Economics is essentially the science of wealth. It is the knowledge of the laws that govern the production of wealth and its distribution. It goes without saying that economics must then have an almost unbounded influence on human conduct, both in public and private life. This all-pervading activity of economics is still more apparent in the realm of government at the level of the State. Throughout all of ancient and modern history, there is scarcely a single political event of any significance that has not been caused, either directly or indirectly, by some economic influence. While it is true that some religious, social, or physical causes may also have been at work, the economic factor nearly always seems to have been the most constant and the most pervasive force at work.
In ancient Greece, it was the depression of the debtor, combined with the depressed condition of trade, that occasioned the reforms of Solon — reforms which, in their turn, led up to the completely democratic constitution of Clisthenes. The great revolution that included the rise of the people to political power was occasioned directly by economic causes. Indeed, one remarkable feature of the genius of Solon is the way in which he saw that his legislative reforms, in order to be effective, must also be accompanied by economic reforms. He saw that any concession of political power would be useless if the people were still left to groan in misery and to starve by inches. Hence the great part of his reforms not only relieved the misery of the debtor but also tended generally to further industries of all kinds and the fuel the expansion of trade.
In modern times, the relation between politics and economics is still closer as specialization has caused even more interdependence. Hostilities between nations, the formation of alliances and treaties, the good or bad understanding between rulers and their subjects, can nearly all be traced to economic causes. We might quote, as an illustration, the Hundred Years’ War between England and France. During the whole of that war, England had on her side the faithful assistance of Flanders. At root, the reason for this alliance was the economic interdependence of England and Flanders. England was essentially an agricultural country, fleece being her most important product. Flanders, on the other hand, had the art of manufacturing the fleece into wool. Thus, the two countries were mutually dependent, one upon the other. Neither could have repudiated the alliance without great inconvenience. Thus, all during the vicissitudes of the Hundred Years’ War, there was a natural and effective tie between these two countries.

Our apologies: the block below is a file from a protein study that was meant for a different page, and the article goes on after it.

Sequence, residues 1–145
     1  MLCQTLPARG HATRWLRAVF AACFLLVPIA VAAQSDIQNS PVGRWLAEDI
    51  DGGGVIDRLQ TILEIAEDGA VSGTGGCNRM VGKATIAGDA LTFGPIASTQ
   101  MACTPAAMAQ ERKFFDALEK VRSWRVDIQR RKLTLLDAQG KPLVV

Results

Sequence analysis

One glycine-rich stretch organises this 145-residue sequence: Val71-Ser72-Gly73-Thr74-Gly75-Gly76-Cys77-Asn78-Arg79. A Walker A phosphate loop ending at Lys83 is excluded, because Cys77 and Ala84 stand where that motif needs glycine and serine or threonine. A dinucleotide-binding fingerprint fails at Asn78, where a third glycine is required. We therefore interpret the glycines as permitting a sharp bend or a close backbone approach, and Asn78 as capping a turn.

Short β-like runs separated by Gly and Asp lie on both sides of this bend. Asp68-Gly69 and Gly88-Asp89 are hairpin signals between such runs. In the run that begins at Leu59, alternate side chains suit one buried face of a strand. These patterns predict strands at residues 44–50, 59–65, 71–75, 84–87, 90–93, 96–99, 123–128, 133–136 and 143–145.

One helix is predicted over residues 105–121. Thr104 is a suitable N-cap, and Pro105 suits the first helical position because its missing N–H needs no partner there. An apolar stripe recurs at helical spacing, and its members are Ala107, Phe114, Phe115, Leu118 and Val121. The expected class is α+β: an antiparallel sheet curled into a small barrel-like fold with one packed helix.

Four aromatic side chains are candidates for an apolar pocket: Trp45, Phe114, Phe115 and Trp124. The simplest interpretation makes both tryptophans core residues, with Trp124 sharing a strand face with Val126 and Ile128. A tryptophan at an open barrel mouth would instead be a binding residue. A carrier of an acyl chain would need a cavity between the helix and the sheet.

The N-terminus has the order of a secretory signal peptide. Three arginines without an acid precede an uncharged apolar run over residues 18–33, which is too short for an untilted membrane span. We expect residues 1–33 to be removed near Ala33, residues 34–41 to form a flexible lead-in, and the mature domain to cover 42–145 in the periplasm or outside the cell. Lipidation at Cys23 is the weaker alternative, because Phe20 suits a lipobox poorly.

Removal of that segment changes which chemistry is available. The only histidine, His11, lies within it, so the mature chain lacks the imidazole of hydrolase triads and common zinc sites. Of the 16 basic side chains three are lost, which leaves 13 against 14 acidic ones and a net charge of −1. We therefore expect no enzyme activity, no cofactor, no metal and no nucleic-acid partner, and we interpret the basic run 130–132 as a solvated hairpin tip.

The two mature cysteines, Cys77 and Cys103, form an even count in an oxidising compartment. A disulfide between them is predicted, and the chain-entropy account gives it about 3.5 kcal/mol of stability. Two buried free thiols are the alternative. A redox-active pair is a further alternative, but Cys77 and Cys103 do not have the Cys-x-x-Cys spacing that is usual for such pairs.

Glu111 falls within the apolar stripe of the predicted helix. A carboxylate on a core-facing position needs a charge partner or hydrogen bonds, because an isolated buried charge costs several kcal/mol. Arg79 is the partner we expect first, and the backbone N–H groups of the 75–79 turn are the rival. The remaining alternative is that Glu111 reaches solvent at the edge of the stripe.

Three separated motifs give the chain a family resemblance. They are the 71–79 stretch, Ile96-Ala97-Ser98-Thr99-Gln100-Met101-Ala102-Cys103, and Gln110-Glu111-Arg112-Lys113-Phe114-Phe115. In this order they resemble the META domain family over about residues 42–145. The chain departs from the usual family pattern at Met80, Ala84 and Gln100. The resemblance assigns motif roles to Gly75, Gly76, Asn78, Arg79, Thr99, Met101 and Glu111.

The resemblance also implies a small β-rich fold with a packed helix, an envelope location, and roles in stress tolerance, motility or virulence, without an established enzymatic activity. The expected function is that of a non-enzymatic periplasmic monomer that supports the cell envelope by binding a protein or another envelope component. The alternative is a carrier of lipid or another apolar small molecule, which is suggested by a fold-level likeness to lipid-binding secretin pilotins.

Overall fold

As any student of history can easily see, there has been a steady progression of the widening influence that economic concerns have had on the direction of history. As societies have become progressively more specialized in order to achieve ever increasing productive capacity and expertise, so too have their reliance and dependency on economic allies who can do for them what they are incapable of doing for themselves. As this dependency passes the economic point of no return, political considerations essentially become economic ones. As ridiculous as it sounds, it may well be more economically expedient to fight France than to learn how to raise sheep and produce fleece.
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